by Janet Evanovich
It's the same, but different. And therein lies the secret of Janet Evanovich's success. Twelve times she has used the same ingredients to cook up a hilarious, machine gun-paced crime caper featuring bounty hunter and doughnut devotee Stephanie Plum.
From One for the Money in 1994 to Twelve Sharp - 12 books in 14 years, perennials on best-seller lists around the world. It's an impressive achievement, but one that prompts the question each time: Can she do it again without falling flat and formulaic and wearing out Stephanie's welcome? The answer is a resounding yes.
Evanovich makes a tricky task look deceptively simple: same hapless heroine, her dysfunctional family and can't-decide-between-them love life, same setting of Trenton, New Jersey, Evanovich's home state until she moved to a New Hampshire spread.
Yet from Stephanie's succession of written-off, shot-up, fire-bombed cars to the long-time funeral parlour owner, each book has a unique plot line, unfolded in Evanovich's rapid-fire, wise-cracking style, as well as new developments in the hilarious soap opera lives of the regular characters.
This time, it's a variation on identity theft when an impersonator steals not only the identity of the luscious Latino Ranger, one of the two men in Stephanie's life, but also his 10-year-old daughter Julie.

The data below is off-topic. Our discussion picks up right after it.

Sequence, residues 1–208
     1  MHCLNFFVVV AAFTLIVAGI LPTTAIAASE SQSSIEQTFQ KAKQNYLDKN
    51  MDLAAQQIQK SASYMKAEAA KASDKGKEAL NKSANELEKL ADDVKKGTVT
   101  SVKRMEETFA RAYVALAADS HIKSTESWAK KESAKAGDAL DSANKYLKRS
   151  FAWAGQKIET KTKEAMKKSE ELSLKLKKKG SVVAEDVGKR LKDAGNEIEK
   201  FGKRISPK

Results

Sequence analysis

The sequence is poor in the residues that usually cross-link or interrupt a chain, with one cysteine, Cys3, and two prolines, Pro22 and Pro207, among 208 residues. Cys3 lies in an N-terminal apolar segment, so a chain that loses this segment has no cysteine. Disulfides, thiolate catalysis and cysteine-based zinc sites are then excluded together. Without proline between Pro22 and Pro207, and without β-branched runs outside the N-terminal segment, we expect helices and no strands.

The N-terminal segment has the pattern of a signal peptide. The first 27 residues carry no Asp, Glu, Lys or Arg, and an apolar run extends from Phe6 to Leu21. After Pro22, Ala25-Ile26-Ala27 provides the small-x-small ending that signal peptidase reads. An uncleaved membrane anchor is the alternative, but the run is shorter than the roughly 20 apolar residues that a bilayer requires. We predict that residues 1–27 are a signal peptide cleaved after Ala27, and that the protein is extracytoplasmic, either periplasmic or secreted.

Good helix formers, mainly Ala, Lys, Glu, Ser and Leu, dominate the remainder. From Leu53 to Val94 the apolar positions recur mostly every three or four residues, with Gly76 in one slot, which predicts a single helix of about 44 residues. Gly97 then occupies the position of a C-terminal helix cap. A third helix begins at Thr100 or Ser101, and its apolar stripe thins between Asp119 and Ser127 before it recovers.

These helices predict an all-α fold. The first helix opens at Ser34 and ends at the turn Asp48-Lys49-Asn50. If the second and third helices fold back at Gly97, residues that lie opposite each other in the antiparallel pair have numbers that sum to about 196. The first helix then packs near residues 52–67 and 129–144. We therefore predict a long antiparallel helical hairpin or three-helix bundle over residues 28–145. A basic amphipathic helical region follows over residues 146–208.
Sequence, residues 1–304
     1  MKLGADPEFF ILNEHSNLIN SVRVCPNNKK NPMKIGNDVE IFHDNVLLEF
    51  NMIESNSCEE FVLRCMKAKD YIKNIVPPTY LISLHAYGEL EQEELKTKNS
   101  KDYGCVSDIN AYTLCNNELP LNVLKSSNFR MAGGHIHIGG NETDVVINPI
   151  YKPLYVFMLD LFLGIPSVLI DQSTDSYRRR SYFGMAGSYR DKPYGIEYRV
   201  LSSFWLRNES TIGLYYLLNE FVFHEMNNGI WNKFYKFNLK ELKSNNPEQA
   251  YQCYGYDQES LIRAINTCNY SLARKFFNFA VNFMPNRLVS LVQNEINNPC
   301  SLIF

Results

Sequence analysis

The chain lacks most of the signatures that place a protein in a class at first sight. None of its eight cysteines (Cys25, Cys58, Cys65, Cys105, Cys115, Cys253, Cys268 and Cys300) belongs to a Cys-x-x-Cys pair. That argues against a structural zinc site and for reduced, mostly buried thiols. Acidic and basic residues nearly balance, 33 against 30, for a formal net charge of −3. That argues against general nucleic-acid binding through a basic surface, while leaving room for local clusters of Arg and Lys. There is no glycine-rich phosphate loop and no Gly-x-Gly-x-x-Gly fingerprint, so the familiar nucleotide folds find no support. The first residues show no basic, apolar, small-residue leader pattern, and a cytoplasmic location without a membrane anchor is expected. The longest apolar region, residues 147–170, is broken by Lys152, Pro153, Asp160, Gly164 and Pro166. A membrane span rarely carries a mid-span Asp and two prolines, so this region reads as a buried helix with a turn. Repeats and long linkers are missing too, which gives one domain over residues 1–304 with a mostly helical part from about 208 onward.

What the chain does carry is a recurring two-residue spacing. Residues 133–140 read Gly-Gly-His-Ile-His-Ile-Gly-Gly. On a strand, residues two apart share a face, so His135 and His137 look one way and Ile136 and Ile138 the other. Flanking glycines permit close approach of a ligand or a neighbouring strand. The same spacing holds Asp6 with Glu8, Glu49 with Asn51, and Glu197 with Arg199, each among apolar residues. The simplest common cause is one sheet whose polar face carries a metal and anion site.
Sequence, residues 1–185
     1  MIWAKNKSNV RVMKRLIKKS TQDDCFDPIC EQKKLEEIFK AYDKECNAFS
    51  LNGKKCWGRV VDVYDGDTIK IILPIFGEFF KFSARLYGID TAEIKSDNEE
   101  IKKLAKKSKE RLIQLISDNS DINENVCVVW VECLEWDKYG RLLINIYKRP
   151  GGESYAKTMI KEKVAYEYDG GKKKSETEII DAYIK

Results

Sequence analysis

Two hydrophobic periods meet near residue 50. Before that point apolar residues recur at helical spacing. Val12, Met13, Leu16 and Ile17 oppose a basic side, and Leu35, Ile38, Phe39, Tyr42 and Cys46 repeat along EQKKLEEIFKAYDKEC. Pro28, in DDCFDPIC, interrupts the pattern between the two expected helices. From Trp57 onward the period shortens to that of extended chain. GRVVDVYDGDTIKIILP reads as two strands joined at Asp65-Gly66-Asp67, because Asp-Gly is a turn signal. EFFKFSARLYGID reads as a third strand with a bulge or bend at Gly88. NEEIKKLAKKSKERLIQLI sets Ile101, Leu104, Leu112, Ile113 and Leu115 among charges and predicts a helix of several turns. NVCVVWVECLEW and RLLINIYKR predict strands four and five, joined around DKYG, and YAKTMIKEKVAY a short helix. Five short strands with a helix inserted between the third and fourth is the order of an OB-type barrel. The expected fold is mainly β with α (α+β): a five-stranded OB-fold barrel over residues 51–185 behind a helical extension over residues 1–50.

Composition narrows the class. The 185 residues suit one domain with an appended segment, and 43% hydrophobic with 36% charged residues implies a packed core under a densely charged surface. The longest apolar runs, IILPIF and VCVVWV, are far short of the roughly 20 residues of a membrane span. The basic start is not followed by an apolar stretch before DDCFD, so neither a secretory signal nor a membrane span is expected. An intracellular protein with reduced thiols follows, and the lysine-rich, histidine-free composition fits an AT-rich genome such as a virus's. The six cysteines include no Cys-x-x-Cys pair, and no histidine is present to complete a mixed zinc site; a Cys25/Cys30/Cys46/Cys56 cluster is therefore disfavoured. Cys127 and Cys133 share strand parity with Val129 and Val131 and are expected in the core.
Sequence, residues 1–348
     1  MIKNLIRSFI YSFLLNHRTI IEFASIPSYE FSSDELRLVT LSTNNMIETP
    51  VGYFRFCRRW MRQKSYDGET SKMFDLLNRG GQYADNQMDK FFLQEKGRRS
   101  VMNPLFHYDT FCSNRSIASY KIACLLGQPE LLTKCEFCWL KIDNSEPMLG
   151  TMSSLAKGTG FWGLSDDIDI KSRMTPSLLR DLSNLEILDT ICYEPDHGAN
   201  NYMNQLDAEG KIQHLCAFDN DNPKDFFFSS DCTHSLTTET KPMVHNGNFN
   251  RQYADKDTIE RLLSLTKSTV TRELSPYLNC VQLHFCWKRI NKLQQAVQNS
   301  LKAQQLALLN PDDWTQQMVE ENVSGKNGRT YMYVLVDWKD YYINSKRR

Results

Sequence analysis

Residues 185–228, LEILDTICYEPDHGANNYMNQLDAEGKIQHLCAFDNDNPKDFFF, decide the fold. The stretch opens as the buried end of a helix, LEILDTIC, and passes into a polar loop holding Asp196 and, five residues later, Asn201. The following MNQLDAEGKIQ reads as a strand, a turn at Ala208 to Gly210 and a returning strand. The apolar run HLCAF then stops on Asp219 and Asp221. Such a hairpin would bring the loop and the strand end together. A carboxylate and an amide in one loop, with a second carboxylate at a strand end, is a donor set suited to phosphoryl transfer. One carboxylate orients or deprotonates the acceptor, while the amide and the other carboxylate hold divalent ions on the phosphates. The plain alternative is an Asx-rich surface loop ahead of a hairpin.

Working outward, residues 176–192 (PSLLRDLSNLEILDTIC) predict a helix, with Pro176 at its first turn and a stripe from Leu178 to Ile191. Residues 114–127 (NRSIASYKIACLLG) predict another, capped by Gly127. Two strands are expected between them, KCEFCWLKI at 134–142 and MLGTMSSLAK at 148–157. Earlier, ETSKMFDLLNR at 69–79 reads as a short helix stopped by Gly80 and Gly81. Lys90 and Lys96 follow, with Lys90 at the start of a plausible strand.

Stephanie joins forces with Ranger in the hunt for Julie and her kidnapper, with Ranger's RangeMan security guys on the alert (with Ranger's daughter in his clutches, the look-alike is after his girlfriend, too, which places Stephanie firmly in his sights).
But when Ranger - hiding out until the police believe it really is the look-alike who is killing and kidnapping - moves into Stephanie's apartment, things get tricky with the other half of her love life, Trenton cop Joe Morelli.
There's a lively subplot as Stephanie, a so-so bounty hunter at the best of times, her long-suffering office manager Connie and Lula, an overweight former prostitute with a fondness for bling and spandex, interview a succession of losers and misfits in an effort to hire a new member for their team.
And there's more entertainment when the tone-deaf Lula launches a new career as a rock'n'roll singer, squeezing herself into a succession of increasingly tiny and outlandish costumes. But when the What's first gig (not the Who, the What - get it?) at a tough bar ends in brawling and arrests they settle for playing old people's homes - and who better to fit the demographic than Stephanie's Grandma Mazur.
After all, strutting the stage with the band may divert her from her favourite hobby - prising up coffin lids at funeral home viewings.
Twelve Sharp, named in a reader competition on her website, is trade-mark Evanovich, which won't disappoint her regulars and could just persuade newcomers to read the full dozen in reverse.
It's clever, slick, funny and fun, with a cast of highly likeable, albeit mostly loopy characters and a full-speed-ahead plot.
This is don't-stop-and-think-about-it crime fiction, read and enjoyed in just a few hours and none the worse for that. It's sheer escapism and if its worth is measured by its ability to tune out the world and its woes for every one of its 276 pages, Twelve Sharp is pure gold.
And, yes, unlucky or not there will be a number 13. The naming competition on Evanovich's website has already begun, so get those entries in.